Dutch Court Orders Shell To Pay Nigerian Farmers Over Oil Spills

After 13 years of legal wrangling, an appeals court will rule on demands by Nigerian farmers for Anglo-Dutch giant Shell to clean up devastating oil spills in the Niger Delta and pay compensation


A Dutch court on Friday ordered Shell to pay compensation in a long-running case brought by four Nigerian farmers who accuse the oil giant of causing widespread pollution.

After 13 years of legal wrangling, an appeals court in The Hague ruled that Shell’s Nigerian branch must pay out for oil spills on land in two villages.

It also held the Anglo-Dutch parent company Royal Dutch Shell liable for installing new pipeline equipment to prevent further devastating spills in the Niger Delta region.

The case, backed by the Netherlands arm of environment group Friends of the Earth, has dragged on so long that two of the Nigerian farmers have died since it was first filed in 2008.

“The court ruled that Shell Nigeria is liable for the damage caused by the spills. Shell Nigeria is sentenced to compensate farmers for damages,” judge Sierd Schaafsma said.


The oil pollution lawsuit has been on for about 13 years, two of the Nigerian farmers have died since it was first filed.


The amount of damages would be determined later, the court said. It did not specify how many of the four farmers would receive compensation.

The farmers first sued Shell in 2008 over pollution in their villages Goi, Oruma and Ikot Ada Udo, in southeastern Nigeria.

A lower court in the Netherlands found in 2013 that Shell should pay compensation for one leak but that Shell’s parent company could not be held liable in a Dutch court for the actions of its Nigerian subsidiary.

But in 2015 the Hague appeals court ruled that Dutch courts did indeed have jurisdiction in the case.


(FILES) In this file photograph taken on October 11, 2012, (L/R): four Nigerian farmers, Friday Alfred Akpan-Ikot Ada Udo and Eric Dooh, Nini Okey Uche of the Nigerian Embassy, lawyer Prince Chima Williams and farmers Chief Fidelis A. Oguru-Oruma and Alali Efanga pose at the law courts in The Hague.  (Photo by ROBIN UTRECHT / ANP / AFP)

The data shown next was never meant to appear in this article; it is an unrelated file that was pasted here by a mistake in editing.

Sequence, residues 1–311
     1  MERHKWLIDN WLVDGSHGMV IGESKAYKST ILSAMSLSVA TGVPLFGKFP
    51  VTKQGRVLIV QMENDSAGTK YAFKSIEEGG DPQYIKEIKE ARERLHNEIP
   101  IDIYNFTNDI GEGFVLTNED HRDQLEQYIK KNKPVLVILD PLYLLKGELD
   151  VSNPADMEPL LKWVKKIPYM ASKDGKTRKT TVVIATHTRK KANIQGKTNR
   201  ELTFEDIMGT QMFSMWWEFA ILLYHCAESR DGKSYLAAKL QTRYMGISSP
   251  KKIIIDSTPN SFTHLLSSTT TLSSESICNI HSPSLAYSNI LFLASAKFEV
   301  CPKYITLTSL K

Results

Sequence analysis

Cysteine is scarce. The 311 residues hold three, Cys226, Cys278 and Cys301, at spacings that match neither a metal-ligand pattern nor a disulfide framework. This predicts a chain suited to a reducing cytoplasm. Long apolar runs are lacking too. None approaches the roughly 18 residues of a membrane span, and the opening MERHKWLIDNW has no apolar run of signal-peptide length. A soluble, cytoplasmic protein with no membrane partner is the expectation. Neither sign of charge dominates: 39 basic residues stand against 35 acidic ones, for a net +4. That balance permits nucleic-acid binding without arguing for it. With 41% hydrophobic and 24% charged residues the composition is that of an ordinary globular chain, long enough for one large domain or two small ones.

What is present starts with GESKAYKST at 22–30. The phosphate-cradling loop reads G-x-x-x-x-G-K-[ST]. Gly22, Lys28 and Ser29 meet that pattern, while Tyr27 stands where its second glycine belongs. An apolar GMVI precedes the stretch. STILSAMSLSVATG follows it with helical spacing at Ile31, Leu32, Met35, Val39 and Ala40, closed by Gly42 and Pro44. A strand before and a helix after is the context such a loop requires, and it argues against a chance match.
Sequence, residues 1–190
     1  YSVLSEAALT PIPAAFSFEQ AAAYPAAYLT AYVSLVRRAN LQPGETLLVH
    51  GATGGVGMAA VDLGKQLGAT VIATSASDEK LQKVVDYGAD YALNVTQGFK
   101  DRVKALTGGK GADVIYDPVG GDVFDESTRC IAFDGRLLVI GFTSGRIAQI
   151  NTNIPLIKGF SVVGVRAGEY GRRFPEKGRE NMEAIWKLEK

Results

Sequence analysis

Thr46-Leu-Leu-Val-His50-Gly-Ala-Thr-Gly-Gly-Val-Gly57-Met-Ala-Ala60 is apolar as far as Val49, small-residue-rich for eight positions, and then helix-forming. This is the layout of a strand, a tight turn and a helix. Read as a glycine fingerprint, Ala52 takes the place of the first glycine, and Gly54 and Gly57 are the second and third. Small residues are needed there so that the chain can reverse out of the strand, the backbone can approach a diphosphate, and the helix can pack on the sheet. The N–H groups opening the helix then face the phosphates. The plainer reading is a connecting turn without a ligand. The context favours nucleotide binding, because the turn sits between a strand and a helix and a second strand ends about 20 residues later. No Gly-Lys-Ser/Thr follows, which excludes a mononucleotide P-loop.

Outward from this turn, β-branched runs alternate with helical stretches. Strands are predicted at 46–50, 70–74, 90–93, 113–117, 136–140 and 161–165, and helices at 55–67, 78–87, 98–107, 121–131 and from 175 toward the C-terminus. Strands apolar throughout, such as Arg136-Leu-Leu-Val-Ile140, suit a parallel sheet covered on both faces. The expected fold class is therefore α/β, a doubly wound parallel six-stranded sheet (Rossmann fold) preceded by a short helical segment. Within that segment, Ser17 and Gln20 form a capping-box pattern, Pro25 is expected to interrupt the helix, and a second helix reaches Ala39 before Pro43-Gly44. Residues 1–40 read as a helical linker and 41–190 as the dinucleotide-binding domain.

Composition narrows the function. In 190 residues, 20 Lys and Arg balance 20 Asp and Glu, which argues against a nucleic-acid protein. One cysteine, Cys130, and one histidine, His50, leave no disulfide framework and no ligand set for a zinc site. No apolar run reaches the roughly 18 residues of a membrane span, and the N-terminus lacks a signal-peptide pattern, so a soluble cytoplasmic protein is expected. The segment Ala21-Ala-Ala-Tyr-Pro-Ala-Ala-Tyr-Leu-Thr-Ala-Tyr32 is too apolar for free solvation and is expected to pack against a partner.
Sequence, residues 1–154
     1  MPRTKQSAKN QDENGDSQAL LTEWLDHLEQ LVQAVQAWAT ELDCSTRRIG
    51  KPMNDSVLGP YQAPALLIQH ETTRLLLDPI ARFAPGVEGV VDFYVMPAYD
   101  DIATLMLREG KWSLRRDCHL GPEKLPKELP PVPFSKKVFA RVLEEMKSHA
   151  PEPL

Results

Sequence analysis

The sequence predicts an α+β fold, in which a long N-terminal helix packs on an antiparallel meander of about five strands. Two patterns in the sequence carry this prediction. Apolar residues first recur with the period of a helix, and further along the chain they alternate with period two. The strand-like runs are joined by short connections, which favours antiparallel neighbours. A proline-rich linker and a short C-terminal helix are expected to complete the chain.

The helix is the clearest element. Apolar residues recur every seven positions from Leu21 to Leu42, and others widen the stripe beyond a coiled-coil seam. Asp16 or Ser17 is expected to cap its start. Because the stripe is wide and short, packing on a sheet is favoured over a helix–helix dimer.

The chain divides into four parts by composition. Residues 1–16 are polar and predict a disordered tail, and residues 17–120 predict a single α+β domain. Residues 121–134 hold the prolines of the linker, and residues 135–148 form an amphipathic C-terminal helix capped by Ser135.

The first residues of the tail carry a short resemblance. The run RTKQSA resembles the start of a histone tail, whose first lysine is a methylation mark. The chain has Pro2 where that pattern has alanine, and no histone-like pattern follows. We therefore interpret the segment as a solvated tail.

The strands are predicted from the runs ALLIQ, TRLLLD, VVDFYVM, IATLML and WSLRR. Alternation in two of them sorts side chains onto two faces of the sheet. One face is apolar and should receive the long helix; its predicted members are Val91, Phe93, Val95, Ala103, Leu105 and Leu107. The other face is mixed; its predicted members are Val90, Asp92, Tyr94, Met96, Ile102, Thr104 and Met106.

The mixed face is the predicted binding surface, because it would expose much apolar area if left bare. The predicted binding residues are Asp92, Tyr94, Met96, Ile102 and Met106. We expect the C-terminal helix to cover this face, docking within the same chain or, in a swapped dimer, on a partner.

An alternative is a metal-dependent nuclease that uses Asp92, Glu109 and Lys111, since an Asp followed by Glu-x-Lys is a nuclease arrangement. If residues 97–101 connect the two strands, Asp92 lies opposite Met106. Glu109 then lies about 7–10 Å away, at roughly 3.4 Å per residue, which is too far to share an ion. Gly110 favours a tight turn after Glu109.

Environmental damage

On Friday, the court ruled that Shell Nigeria must pay compensation for the leaks at Goi and Oruma.

“In the Uruma cases, Shell Nigeria and… Royal Dutch Shell are ordered to equip the pipeline with a leak detection system so that environmental damage can be limited in the future,” the court said.

Shell Nigeria should have shut down oil supplies on the day of the spill in the cases in Goi, it said.

The court said it needed more time to resolve the case of Ikot Ada Udo, saying that the leak was due to sabotage but it was not clear whether Shell could still be held liable for it, and for cleaning up.

“For the inhabitants of the Niger Delta it is crucial that their land is cleaned up and their lost crops and livelihoods are compensated by the guilty party: Shell,” Donald Pols of Friends of the Earth Netherlands said in a statement ahead of the case.

Shell has always blamed all of the spills on sabotage and said it has cleaned up with due care where pollution has occurred.

At a hearing last year lawyers for the farmers showed gushing and burning oil spills as well as villagers dragging their hands through water sources, their hands streaked with the substance afterward.

Nigeria was the world’s ninth-largest oil producer in 2018, pumping out volumes valued at some $43.6 billion (37 billion euros), or 3.8 percent of total global production.

In a separate case in the Netherlands, the widows of four Nigerian activists executed by the military regime in the 1990s have accused Shell of complicity in their deaths.

Shell also faces a landmark legal bid to force it to meet emissions targets in the Paris climate accords, brought by several environmental groups in the Netherlands led by Friends of the Earth in 2019.

Alleged Drug Lord Dubbed ‘Asia’s El Chapo’ Arrested In Amsterdam

Netherlands on the map


The alleged ringleader of Asia’s biggest crime syndicate and one of the world’s most wanted men has been arrested in the Netherlands, with Australian authorities pushing Sunday for his extradition to face trial.

Police had been chasing alleged drug kingpin Tse Chi Lop, 57, for years until his arrest by Dutch police on Friday acting on a request from Australia’s federal police.

In a statement Sunday, Australian authorities said a man “of significant interest” to law enforcement agencies had been detained. A police spokeswoman confirmed his name as Tse Chi Lop.